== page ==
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Australian Maritime Safety Authority

AMSA is a largely self-funded government agency with the charter of enhancing efficiency in the delivery of safety and other services to the Australian maritime industry.

AMSA is responsible for the protection of Australia's marine environment from pollution caused by shipping and related activities through development and implementation of national strategies, policies and regulation including coordination of a national pollution prevention and response capability.

We are all aware of the environmental damage that may occur from spills of harmful substances at sea. Through the media we see graphic images of marine animals covered in oil and damaged and oiled beaches.

Pollutants enter the oceans from various sources creating a major threat to a valuable resource. Runoff from land, shipping operations and accidents all contribute to pollution of the oceans.

The National Plan - Australia's National Plan to Combat Pollution of the Sea by Oil and Other Noxious and Hazardous Substances - is a national integrated Government and industry organisational framework enabling effective response to marine pollution incidents.

The effectiveness of an oil spill response depends upon a number of factors. These include the location, oil type and volume, weather conditions, and the availability of human and physical resources. No single response method will meet all the demands of an oil spill. Some methods for responding to oils spills are:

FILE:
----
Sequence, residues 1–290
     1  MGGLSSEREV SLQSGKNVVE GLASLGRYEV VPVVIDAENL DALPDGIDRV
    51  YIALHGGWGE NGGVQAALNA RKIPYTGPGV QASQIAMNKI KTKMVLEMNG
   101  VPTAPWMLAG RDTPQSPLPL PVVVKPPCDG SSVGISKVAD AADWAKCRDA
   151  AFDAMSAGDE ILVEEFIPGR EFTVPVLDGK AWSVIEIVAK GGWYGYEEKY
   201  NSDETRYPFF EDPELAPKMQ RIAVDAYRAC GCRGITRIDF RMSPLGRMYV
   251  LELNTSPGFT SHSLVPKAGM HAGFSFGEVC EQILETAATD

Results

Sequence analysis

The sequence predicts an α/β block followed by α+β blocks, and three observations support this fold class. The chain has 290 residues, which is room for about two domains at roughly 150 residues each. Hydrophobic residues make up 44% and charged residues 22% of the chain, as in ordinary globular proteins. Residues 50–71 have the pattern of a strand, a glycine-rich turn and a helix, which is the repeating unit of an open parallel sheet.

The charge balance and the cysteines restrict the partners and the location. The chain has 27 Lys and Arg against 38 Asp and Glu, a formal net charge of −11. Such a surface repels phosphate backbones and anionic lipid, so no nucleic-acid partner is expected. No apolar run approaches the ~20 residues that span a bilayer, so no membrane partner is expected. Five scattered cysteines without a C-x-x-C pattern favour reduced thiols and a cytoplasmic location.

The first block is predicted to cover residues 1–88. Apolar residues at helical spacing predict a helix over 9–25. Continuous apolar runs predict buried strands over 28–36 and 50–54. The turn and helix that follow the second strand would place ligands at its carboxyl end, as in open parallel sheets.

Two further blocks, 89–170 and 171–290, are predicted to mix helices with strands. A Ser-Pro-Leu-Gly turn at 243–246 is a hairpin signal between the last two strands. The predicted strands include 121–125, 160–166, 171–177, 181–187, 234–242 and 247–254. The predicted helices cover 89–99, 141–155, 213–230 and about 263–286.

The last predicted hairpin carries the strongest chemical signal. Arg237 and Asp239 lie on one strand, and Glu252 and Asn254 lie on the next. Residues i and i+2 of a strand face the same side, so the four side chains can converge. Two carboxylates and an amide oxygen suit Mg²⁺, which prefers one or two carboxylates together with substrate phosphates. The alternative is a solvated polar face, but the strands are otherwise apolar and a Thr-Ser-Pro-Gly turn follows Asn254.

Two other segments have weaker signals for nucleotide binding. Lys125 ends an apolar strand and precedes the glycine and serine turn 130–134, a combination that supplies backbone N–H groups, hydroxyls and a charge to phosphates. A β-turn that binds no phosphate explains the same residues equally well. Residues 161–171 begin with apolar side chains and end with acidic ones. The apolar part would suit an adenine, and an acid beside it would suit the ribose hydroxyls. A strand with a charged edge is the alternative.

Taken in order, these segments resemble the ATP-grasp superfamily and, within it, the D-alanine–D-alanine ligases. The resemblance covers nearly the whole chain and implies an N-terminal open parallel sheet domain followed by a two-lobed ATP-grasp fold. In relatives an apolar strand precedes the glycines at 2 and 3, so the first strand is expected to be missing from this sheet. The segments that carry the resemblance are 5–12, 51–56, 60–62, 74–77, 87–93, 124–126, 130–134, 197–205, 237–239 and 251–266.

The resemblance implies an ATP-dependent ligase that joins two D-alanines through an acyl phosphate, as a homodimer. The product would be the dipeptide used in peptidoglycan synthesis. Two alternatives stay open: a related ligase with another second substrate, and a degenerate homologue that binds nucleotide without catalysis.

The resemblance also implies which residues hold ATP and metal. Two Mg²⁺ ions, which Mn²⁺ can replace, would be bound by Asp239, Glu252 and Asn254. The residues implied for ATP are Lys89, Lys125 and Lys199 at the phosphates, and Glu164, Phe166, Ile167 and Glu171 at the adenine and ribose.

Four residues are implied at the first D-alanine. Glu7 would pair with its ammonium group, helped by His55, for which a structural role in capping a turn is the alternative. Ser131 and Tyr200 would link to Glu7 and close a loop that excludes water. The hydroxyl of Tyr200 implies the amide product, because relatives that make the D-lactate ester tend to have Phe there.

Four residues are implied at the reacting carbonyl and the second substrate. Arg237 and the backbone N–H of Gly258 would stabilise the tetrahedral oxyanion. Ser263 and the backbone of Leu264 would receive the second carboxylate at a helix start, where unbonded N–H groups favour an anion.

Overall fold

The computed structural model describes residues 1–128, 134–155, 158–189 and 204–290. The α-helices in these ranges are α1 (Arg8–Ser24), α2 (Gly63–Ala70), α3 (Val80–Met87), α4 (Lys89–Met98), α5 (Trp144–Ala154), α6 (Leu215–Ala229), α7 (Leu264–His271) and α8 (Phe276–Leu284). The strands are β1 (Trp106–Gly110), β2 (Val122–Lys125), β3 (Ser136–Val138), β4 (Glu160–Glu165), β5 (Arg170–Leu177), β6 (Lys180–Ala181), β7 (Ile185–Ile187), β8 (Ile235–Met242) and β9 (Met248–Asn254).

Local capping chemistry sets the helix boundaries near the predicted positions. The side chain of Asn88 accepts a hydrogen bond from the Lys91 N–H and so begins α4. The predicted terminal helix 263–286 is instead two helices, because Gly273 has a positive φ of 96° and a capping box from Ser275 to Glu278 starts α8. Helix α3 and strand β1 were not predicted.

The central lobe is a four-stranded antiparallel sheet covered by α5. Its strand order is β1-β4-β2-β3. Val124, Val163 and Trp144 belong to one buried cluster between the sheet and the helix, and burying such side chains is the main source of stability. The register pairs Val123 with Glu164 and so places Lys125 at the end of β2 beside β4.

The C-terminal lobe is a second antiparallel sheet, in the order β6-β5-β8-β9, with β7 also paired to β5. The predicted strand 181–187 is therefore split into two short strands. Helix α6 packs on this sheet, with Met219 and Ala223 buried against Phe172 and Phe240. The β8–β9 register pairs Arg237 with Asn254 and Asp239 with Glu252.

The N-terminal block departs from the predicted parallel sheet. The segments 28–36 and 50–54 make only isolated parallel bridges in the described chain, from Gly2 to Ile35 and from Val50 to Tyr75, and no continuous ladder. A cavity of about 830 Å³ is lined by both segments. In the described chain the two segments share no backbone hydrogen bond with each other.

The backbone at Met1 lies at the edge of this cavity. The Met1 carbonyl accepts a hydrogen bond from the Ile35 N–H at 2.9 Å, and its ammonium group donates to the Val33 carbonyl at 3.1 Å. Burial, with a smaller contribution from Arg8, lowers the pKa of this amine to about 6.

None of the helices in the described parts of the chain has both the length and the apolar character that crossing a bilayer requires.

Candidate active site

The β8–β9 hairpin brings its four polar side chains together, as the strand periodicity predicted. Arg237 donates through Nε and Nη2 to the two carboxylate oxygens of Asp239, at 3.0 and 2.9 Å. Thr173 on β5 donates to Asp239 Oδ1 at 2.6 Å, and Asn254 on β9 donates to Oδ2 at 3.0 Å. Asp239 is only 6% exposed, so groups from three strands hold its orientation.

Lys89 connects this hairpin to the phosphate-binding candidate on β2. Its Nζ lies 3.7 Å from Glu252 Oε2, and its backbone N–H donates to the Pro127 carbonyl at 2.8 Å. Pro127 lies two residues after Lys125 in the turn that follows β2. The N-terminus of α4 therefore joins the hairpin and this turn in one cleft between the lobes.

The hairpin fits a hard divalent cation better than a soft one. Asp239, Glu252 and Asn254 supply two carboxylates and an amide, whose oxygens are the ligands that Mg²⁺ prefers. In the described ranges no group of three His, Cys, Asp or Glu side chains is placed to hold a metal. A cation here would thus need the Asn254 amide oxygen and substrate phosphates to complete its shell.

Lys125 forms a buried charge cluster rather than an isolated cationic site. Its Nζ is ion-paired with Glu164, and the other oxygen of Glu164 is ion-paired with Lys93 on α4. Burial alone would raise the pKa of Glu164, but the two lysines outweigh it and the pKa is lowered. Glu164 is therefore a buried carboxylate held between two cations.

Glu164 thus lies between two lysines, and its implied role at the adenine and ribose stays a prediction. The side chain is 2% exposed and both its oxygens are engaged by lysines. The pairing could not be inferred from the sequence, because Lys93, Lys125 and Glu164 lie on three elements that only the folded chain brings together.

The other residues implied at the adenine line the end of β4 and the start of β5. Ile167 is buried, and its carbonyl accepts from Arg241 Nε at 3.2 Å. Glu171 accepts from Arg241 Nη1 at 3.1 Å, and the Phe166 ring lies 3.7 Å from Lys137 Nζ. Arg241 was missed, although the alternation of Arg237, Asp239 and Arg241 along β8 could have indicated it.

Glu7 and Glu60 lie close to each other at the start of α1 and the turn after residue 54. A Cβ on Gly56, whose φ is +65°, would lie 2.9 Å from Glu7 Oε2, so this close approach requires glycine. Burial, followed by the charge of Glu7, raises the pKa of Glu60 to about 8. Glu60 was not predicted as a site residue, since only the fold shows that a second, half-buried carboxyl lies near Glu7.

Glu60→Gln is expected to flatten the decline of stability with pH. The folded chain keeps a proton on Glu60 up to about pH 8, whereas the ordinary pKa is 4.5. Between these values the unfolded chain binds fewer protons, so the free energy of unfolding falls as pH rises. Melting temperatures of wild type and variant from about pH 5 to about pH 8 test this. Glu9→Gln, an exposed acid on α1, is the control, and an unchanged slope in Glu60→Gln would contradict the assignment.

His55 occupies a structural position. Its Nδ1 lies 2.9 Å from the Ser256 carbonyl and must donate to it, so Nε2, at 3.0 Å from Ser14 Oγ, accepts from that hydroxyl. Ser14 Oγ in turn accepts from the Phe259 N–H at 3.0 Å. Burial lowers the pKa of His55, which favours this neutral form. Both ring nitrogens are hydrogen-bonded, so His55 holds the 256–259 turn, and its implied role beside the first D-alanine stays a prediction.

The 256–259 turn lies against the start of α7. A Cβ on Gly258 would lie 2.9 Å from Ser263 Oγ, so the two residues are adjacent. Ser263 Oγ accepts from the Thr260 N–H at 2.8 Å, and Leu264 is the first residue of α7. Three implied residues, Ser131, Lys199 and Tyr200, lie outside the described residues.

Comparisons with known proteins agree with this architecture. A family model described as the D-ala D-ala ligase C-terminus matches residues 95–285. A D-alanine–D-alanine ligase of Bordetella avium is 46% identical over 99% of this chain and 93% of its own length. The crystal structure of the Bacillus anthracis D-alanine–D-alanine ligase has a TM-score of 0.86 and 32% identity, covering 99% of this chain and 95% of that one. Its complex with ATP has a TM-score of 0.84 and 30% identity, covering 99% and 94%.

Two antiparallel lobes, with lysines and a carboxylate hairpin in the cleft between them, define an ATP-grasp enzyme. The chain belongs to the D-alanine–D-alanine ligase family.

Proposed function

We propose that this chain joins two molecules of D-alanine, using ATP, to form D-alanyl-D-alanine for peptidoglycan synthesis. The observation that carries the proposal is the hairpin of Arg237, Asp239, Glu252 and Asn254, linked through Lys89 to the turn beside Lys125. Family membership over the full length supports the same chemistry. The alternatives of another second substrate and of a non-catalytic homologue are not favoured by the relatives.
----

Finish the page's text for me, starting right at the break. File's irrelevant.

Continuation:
Laura D'Amato oil pollution cleanup,
Sydney Harbour 1999.

  • Biodegradation - This is the natural process whereby bacteria and other micro-organisms found in the sea break down spilled oil. Biodegradation occurs at different rates depending on the type of oil, the amount of oxygen and nutrients, and temperature levels.
  • Use of dispersants - Chemical dispersal of oil may be used only when all environmental effects have been considered. The effective use of dispersant requires quick decision-making so that oil can be dispersed at sea before it can come ashore.
  • Containment and recovery - Spilled oil is contained and recovered using booms and skimmers. A boom is a mechanical barrier, which generally extends above and below the water. A skimmer is a mechanical device designed to collect spilled oil from the water surface. Skimmers are mainly used when a thick layer of oil is present.

A beach before cleanup

After cleanup - using graders and shoreline
cleanup guidelines to reduce the oil pollution
to an ecologically tolerable level.
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